As a result, we forecast significant losses for Teradyne for the next three quarters. With sluggish demand for electronics products, declining consumer confidence, and weak corporate profits, chipmakers have reined in capital spending. After the round of profit warnings in September from semiconductor makers such as Philips and Hitachi (HIT), we downgraded the shares to sell from avoid. Teradyne's stock, currently around $12.50, sells for 2.1 times sales, well above historical cycle troughs of about 0.8 times sales.
PURCHASE PULLBACK. KLA-Tencor (KLAC) is the leading provider of defect-inspection and metrology equipment used to increase yields in semiconductor manufacturing. With process changes -- including copper interconnects, new insulating materials ("low-k dielectrics"), and 0.13 micron design rules (for smaller circuits) -- being rolled out at chipmakers, KLA's tools were seeing good demand earlier in the year. In fact, KLA is one of a very few semiconductor-equipment companies to remain profitable during each quarter of the recent downturn.
KLA reported that September-quarter sales rose 0.6%, quarter-to-quarter, but declined 25% year-to-year. Orders tumbled 37% in September, after rising 31% sequentially in the March quarter and 16% in the June quarter. The order shortfall indicates a pullback in purchases of the latest process technologies by chipmakers. KLA projects revenues to fall 12% quarter-to-quarter and orders to be flat in the December quarter.
Though KLA's EPS of 26 cents beat the Street's estimate, the drop in orders was a surprise. We at S&P cut our fiscal-year 2003 (ending June) EPS forecast to 79 cents from $1.31, and our fiscal-year 2004 estimate to $1.38 from $1.85. We also downgraded the stock, currently trading at $35.61, in light of the unexpectedly steep drop in orders and relatively high valuations on a price-to-sales and price-to-book basis.
SPENDING DROUGHT. The latest quarterly reports and outlooks from these three chip-equipment outfits reflect a marked cutback in capital spending by chipmakers, as end-market electronics demand has remained sluggish. Leading chipmaker Intel (INTC) recently lowered its capital-spending plans to $4.7 billion, from $5.5 billion at the beginning of the year, after spending $7.3 billion in 2001.
Giant foundry Taiwan Semiconductor (TSM) planned to spend $1.65 billion in 2002, then raised this to $2.5 billion by midyear, and then cut the final number back down to $1.65 billion. TSM also indicated that it didn't expect to raise its capital spending budget in 2003.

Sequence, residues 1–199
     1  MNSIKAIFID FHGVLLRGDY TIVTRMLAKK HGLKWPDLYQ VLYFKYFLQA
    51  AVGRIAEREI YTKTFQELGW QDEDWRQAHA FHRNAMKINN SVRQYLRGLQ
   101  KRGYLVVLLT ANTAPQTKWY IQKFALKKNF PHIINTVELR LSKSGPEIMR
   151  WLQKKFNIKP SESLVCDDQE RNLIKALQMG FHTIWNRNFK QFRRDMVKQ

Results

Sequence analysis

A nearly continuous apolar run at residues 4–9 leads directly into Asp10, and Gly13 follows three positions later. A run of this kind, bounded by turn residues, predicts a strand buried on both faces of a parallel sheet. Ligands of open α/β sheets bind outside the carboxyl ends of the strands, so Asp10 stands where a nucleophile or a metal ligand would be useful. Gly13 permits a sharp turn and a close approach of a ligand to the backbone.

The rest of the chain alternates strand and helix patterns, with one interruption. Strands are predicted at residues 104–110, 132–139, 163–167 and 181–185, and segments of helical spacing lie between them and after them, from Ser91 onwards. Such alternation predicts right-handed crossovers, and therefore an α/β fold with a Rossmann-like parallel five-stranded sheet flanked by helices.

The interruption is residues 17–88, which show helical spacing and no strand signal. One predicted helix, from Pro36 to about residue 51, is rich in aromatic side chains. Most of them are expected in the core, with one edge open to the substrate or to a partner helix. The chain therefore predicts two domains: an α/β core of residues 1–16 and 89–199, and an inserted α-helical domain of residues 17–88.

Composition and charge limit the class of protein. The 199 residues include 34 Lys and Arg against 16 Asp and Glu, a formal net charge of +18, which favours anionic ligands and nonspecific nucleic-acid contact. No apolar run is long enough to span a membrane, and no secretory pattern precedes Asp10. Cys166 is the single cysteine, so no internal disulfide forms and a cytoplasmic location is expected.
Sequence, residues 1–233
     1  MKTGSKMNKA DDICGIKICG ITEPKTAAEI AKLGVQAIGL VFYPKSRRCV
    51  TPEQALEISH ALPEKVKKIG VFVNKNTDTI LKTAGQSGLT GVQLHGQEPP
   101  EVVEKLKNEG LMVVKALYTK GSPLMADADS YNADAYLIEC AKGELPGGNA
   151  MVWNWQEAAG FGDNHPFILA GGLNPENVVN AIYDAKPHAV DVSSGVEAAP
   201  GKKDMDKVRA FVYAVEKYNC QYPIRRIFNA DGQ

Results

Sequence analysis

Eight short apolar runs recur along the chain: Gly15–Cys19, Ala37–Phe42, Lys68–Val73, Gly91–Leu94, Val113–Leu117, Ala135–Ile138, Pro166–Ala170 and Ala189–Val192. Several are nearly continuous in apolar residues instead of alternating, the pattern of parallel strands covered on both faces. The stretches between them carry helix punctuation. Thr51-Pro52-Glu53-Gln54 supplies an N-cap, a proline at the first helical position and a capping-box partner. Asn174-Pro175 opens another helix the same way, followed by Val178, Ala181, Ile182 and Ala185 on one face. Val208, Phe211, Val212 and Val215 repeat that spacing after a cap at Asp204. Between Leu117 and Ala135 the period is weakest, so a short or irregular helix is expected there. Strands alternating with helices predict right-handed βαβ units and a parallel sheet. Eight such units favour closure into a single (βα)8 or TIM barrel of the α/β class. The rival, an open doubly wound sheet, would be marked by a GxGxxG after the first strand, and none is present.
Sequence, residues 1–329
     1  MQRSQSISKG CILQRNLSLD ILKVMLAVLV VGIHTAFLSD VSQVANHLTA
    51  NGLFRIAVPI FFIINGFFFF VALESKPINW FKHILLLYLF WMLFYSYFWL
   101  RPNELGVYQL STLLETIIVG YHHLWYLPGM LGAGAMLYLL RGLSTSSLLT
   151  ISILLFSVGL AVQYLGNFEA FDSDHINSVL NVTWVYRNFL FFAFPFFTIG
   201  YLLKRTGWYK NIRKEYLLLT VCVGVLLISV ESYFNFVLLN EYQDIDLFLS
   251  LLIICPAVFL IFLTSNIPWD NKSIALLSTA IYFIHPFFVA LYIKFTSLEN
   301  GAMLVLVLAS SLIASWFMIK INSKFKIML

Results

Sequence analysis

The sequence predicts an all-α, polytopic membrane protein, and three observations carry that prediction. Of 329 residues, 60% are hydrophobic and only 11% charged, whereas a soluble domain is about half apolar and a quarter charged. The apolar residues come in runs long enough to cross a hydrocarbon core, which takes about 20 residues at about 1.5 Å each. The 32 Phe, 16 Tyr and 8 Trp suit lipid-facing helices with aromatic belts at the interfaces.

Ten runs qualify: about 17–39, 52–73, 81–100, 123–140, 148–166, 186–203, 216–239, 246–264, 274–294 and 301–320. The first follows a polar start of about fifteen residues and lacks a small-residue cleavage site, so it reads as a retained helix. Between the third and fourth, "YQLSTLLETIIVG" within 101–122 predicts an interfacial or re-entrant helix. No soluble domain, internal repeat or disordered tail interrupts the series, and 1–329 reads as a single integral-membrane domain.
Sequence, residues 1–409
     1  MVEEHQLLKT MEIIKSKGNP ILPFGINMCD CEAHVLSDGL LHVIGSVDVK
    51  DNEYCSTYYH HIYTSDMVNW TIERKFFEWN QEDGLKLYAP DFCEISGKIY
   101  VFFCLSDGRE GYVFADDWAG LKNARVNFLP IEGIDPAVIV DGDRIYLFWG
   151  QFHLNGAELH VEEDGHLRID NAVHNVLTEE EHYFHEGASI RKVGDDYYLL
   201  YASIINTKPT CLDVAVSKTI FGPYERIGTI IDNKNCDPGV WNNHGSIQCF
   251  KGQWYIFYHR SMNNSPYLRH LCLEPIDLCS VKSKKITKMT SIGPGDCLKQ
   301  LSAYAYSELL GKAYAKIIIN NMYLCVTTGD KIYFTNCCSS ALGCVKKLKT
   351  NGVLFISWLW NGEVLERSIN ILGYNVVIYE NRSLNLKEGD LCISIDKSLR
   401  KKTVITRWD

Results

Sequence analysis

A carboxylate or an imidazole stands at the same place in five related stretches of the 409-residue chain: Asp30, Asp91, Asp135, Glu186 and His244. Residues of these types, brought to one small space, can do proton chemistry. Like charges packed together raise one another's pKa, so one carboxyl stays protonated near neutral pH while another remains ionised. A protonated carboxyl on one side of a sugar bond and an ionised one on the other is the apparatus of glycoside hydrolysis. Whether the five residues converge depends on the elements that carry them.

With excess capacity still high -- we estimate fourth-quarter capacity utilization will be in the low-to-mid 70% range -- it's unlikely that chipmakers will significantly increase capital budgets for 2003. This means spending on chip equipment, which declined 41% in 2001 and will likely fall an additional 30% in 2002, may see only single-digit to low double-digit growth in 2003 -- an unprecedented spending drought for the industry.
UNDER TARGET. More evidence of the sluggish recovery will likely be apparent when the No. 1 player, Applied Materials (AMAT), reports its fiscal year (ended October) results on Nov. 13. Applied has told investors that it expects flat to slightly higher revenues from the prior quarter, an increase in EPS (from 7 cents per share in the July quarter) on cost cuts, and a 10% to 15% decline in orders.
We believe that Applied can make the sales and earnings numbers for the quarter, given its $3.4 billion backlog at the end of the July quarter vs. our estimate of $1.5 billion for the October quarter. However, orders will be tougher to hit, and we estimate Applied will come in at the low end or below its projected order range.
Plus, the consensus fiscal year 2004 EPS estimate of 37 cents per share assumes double-digit revenue growth. With our expectation of flat to slightly improved capital spending in calendar 2003, we see revenue growth in the single-digits and believe consensus estimates need to come down. Following a 45% run-up in the share price in October, to about $15, we downgraded AMAT to sell from avoid. Analyst Tortoriello follows semiconductor equipment stocks for Standard & Poor's